HPV vaccination decreases cervical cancer incidence and mortality, but it is most effective in young women and girls.
Human papillomavirus (HPV), a common sexually transmitted infection, is implicated in most cases of cervical cancer. Vaccination against HPV is recommended for girls and women 11-16 years of age, but there has been insufficient data to analyze vaccine-associated changes in cervical cancer mortality.
A study published in JAMA Pediatrics endeavored to quantify any correlation between the implementation of the HPV vaccine in 2006 and cervical cancer incidence and mortality.
The investigators collected national age-adjusted cervical cancer incidence and mortality rates using the Surveillance, Epidemiology, and End Results and National Program of Cancer Registries databases (incidence) and the National Center for Health Statistics
(mortality). From January 2001-December 2017, they analyzed data for women and girls 15-39 years of age.
The quasi-experimental analyses compared cervical cancer incidence and mortality changes pre-HPV vaccination (January 2001-Decmeber 2005) to post-vaccination (January 2010-December 2017). Incidence and mortality rates were also examined across age groups, 15-24 years, 25-29 years, and 30-39 years, given the lower vaccination rates of the older 2 groups.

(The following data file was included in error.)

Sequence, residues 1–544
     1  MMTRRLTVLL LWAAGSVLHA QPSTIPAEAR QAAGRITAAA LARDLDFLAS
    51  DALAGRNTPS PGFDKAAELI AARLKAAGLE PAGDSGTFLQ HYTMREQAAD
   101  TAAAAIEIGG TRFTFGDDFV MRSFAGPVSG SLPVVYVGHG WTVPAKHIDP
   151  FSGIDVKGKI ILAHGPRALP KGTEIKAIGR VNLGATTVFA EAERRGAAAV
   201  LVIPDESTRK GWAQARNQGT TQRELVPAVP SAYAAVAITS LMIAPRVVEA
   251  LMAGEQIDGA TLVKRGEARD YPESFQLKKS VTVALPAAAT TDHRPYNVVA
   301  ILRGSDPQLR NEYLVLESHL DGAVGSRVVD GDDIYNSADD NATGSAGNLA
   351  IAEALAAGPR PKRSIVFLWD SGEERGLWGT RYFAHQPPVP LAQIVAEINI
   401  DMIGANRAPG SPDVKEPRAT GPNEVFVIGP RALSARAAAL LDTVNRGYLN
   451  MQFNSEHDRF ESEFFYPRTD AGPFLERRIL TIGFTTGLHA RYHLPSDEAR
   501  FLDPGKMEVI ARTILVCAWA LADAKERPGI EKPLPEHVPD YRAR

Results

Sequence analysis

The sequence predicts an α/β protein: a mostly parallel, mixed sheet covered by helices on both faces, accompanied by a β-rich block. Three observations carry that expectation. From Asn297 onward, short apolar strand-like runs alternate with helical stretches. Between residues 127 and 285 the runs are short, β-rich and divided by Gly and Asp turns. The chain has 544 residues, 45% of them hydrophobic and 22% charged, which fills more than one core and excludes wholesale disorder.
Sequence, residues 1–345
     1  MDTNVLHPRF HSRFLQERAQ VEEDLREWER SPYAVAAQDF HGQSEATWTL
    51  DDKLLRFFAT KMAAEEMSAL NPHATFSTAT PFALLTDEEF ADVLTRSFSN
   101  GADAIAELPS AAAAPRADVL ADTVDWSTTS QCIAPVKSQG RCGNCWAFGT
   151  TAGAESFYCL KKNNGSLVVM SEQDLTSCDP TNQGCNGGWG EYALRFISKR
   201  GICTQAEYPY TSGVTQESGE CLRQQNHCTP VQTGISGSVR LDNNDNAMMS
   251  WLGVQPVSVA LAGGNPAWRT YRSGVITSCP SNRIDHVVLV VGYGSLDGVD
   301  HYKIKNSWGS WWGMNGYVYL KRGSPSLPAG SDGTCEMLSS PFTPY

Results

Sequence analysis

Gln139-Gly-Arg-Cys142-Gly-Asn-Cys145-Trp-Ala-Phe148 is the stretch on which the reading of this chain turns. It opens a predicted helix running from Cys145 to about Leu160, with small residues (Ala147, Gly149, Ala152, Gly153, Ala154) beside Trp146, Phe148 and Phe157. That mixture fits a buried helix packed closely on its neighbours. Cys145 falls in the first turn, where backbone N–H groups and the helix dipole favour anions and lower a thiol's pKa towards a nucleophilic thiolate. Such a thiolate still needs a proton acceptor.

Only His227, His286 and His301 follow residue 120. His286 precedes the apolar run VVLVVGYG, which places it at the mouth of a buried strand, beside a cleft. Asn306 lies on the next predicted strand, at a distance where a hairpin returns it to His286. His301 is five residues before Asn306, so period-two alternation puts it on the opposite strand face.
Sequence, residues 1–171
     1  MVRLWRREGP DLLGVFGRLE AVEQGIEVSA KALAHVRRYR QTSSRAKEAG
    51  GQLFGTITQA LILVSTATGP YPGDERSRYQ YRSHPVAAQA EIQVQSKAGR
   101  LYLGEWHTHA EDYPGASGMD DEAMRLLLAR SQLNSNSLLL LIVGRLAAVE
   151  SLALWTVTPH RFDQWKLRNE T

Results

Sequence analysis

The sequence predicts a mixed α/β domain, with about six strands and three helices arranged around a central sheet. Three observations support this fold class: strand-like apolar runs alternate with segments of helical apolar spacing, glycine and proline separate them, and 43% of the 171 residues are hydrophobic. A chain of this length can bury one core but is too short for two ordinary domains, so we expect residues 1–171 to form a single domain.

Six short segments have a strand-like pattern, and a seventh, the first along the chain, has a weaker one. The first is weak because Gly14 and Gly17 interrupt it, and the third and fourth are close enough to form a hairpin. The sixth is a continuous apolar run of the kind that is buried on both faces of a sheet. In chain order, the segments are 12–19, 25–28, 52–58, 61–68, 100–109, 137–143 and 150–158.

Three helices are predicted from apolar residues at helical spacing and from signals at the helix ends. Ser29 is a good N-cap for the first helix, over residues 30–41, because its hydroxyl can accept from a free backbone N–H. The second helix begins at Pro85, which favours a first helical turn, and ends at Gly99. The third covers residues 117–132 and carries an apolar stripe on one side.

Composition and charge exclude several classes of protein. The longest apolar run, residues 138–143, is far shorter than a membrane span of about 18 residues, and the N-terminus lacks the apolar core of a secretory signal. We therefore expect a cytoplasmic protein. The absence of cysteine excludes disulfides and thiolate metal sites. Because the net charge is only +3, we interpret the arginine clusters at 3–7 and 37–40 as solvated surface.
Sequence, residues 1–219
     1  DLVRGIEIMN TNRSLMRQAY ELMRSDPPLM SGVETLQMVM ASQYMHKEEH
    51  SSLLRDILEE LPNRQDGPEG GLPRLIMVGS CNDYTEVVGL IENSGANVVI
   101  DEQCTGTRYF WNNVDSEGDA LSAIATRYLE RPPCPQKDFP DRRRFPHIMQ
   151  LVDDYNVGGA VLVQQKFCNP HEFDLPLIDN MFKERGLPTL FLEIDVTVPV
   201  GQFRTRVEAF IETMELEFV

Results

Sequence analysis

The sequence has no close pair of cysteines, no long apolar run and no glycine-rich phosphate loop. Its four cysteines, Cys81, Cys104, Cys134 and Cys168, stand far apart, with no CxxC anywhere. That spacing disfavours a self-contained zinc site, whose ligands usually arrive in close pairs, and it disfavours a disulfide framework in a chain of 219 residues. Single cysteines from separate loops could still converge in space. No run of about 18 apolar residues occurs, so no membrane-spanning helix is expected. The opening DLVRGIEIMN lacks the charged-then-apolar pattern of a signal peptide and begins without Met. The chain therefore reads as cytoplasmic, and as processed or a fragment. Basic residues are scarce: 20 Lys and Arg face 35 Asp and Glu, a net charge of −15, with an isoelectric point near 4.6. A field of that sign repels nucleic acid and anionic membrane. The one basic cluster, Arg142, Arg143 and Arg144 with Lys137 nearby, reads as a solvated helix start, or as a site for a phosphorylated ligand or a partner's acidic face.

For these 3 age groups, cervical cancer incidence rates were 0.68, 5.47, and 12.60 per 100000, respectively, and cervical cancer mortality rates were 0.06, 0.57, and 1.89 per
10000. The reduction in cancer incidence from 2001-2005 to 2010-2017 was greatest among those aged 15-24 years.
The decrease in cervical cancer mortality was also greatest among the 15-24 age group than the older 2 groups.
The decreases in cervical cancer correlated with the implementation of the HPV vaccine in 2006, as did the lowest incidence and mortality rates in the group most likely to be vaccinated (15-24-year-olds).
Previous studies have found HPV vaccination also prevented precancerous lesions in addition to lowering cervical cancer incidence. Existing US data confirms this study’s findings of decreased cervical cancer in younger women but not older women, demonstrating the importance of girls and adolescents receiving the HPV vaccine as soon as they are eligible.